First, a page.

Josephine “is thus the vehicle for the collectivity’s affirmation of itself: she reflects their collective identity back to them;” she is needed because “only the intervention of art and the theme of the great artist could make it possible to grasp the essential anonymity of the people, who have no feeling for art, no reverence for the artist.”
Josephine is treated as a celebrity, but not fetishized—her admirers are well aware that there is nothing special in her, that she is just one of them. To paraphrase Marx, she thinks people admire her because she is an artist, but in reality she is an artist only because people treat her as such. Here we get an example of how, in a Communist society, the Master-Signifier is still operative, but deprived of its fetishist effect—Josephine’s belief in herself is perceived by the people as harmless and rather ridiculous narcissism, and should be gently, but ironically, tolerated and sustained. This is how artists should be treated in a Communist society—they should be praised and flattered, but they should not be given any material privileges like exemption from work or special food ration.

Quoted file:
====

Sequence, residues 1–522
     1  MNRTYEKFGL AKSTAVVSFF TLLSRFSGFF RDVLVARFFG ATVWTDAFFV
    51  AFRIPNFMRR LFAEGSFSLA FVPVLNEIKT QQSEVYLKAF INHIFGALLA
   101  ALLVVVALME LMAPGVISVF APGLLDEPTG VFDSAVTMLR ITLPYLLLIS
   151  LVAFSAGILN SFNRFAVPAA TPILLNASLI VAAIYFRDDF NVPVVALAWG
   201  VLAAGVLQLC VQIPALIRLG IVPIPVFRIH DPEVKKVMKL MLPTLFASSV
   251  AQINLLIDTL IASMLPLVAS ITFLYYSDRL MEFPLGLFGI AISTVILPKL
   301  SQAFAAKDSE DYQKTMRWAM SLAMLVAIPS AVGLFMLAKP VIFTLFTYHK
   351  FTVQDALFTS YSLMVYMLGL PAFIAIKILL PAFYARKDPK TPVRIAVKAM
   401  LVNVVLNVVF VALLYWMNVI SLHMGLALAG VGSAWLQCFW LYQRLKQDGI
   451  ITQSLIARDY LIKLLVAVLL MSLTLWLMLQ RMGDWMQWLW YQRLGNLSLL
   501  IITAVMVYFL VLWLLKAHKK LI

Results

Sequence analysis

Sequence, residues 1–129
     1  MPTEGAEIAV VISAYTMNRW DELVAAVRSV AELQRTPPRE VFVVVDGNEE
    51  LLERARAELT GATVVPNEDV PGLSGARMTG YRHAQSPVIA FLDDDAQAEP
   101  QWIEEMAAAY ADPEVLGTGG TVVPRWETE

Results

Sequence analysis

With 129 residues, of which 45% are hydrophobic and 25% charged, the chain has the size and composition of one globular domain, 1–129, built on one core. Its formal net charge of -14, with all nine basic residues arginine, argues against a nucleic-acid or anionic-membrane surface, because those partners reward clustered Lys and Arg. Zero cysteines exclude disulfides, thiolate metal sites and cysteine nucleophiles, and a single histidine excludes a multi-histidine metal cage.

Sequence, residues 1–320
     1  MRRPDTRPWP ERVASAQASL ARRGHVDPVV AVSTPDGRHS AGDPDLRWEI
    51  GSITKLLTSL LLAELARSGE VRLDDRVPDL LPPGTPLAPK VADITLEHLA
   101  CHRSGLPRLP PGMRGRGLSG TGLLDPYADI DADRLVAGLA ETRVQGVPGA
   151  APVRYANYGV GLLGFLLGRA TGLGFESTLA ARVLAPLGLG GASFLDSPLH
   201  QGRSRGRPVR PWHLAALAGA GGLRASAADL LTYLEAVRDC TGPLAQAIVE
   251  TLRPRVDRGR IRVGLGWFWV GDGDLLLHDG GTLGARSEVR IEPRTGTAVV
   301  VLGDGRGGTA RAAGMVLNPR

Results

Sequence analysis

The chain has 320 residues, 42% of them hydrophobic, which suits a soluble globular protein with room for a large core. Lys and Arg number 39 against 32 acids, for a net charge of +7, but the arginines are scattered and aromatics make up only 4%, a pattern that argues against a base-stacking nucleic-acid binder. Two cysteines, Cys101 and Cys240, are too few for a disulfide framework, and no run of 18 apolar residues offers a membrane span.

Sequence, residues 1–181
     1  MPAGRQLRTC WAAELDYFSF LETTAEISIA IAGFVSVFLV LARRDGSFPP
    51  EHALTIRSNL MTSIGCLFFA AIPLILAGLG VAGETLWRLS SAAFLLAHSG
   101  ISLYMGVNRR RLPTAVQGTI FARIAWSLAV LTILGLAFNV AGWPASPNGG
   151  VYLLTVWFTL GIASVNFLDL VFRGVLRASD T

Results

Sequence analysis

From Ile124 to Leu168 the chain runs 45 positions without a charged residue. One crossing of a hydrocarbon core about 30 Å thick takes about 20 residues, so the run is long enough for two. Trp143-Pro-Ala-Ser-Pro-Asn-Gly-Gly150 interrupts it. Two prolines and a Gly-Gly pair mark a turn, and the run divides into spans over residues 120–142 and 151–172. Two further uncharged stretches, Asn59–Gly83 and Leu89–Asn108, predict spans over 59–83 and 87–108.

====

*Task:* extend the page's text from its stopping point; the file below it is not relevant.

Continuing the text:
[Extract. Appeared in Lacanian Ink, 2009, No. 33, pp. 156-163.]